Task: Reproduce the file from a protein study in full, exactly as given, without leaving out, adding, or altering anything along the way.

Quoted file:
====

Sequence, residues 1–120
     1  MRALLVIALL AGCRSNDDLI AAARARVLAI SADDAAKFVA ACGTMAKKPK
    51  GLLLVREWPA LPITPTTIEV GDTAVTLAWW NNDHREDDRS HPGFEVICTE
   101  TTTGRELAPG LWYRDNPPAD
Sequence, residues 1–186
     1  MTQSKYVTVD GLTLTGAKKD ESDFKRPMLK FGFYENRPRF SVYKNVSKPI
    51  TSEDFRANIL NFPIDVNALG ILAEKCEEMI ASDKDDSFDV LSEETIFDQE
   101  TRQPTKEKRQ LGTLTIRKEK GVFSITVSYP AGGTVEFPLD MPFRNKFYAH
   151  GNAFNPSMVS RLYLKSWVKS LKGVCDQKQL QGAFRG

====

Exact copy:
Sequence, residues 1–120
     1  MRALLVIALL AGCRSNDDLI AAARARVLAI SADDAAKFVA ACGTMAKKPK
    51  GLLLVREWPA LPITPTTIEV GDTAVTLAWW NNDHREDDRS HPGFEVICTE
   101  TTTGRELAPG LWYRDNPPAD
Sequence, residues 1–186
     1  MTQSKYVTVD GLTLTGAKKD ESDFKRPMLK FGFYENRPRF SVYKNVSKPI
    51  TSEDFRANIL NFPIDVNALG ILAEKCEEMI ASDKDDSFDV LSEETIFDQE
   101  TRQPTKEKRQ LGTLTIRKEK GVFSITVSYP AGGTVEFPLD MPFRNKFYAH
   151  GNAFNPSMVS RLYLKSWVKS LKGVCDQKQL QGAFRG